Nov. 10th Fortepiano Recital Offered in Catawba Artist Series
October 30, 2013
Dr. Andrew Willis, a leading expert on historical performance practice, will offer a recital on the fortepiano, the precursor to the modern piano, at 3 p.m. Sunday, November 10, in Omwake-Dearborn Chapel. Dr. Willis' recital is free and open to the public and offered as part of the Catawba Artist Series for the 2013-14 academic year.
Dr. Willis performs in the United States and abroad on pianos of every period. His recording of Op. 106 for the first complete Beethoven sonata cycle on period instruments was hailed by The New York Times as "a 'Hammerklavier' of rare stature." He has also recorded Schubert lieder and Rossini songs with soprano Julianne Baird and early Romantic song cycles with soprano Georgine Resick, as well as 20th-century works with flutist Sue Ann Kahn.
At UNCG, where he joined the keyboard faculty in 1994, Willis performs on and teaches a range of keyboard instruments from harpsichord to modern piano. Since 2003, he has directed the biennial UNCG Focus on Piano Literature, for which he commissioned, premiered, and recorded Martin Amlin's Sonata No. 7 (2000). Keenly interested in the history of the piano and its performance practice, he contributes regularly to conferences on keyboard music. A past president of the Southeastern Historical Keyboard Society, he serves on the Board of the Westfield Center for Historical Keyboard Studies and was a finals juror of the first Westfield International Fortepiano Competition in 2011.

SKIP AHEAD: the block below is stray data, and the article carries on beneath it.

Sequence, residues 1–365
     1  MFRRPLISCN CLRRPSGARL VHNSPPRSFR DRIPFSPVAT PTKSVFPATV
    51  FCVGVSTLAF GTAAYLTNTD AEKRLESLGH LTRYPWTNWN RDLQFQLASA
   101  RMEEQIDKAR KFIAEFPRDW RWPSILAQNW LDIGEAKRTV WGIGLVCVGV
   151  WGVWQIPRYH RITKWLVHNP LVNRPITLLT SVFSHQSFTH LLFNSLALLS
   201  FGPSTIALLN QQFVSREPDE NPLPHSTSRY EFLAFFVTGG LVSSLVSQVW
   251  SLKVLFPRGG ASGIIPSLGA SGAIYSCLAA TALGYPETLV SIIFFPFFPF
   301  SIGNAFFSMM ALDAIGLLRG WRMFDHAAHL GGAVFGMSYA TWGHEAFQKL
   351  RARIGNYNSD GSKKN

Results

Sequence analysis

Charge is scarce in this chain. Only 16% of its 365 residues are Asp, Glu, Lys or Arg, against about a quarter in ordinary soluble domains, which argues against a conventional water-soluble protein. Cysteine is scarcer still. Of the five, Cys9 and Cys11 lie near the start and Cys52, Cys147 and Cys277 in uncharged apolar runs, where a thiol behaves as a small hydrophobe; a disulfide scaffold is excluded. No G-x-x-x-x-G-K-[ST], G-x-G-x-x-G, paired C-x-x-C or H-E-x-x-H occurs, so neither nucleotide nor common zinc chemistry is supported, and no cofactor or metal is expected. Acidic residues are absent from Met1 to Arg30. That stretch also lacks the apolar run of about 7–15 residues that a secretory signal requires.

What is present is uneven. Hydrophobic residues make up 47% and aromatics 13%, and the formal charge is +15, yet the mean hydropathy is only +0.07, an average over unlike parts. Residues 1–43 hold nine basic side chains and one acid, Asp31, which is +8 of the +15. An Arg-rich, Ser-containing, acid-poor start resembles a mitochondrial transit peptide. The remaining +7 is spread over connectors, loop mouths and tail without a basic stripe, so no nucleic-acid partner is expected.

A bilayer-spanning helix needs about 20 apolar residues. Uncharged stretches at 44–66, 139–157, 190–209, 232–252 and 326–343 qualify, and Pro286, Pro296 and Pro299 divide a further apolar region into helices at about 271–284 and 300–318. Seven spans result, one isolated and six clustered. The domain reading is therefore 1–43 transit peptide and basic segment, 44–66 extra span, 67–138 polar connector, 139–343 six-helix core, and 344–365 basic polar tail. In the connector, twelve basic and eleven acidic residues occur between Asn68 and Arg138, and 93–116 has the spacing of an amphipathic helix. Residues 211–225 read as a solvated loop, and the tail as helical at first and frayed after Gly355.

In recent seasons, Willis has appeared at the Boston Early Music Festival, the Bloomington Early Music Festival, and the Magnolia Baroque Festival and has performed with the Atlanta Baroque Orchestra, the Apollo Ensemble, and the Philadelphia Classical Symphony. He currently extends his investigation of historical performance practice into the Romantic era with performances on an 1848 Pleyel and an 1841 Bösendorfer, and into the Baroque with performances of J. S. Bach and Italian masters on a replica of a 1735 Florentine piano.
A graduate of the Curtis Institute, Temple University, and Cornell University, where Dr. Willis' mentors included Mieczyslaw Horszowski, Lambert Orkis, and Malcolm Bilson.
"There is nothing like this Artist Series in the community as far as a classical concert series goes," explained Jacob Hahn, a Catawba adjunct faculty member and Director of Catawba's Community Music Program. "Attending is a good way for community members, as well as students at Catawba and students enrolled in Catawba's Community Music Program, to be exposed to musicians of this caliber. Again this year, we are pleased to offer performances from both Catawba faculty members and artists from around the country who excel in their discipline."
For additional information about the Catawba Artist Series, contact Hahn at email@example.com or by phone at 336-456-4017.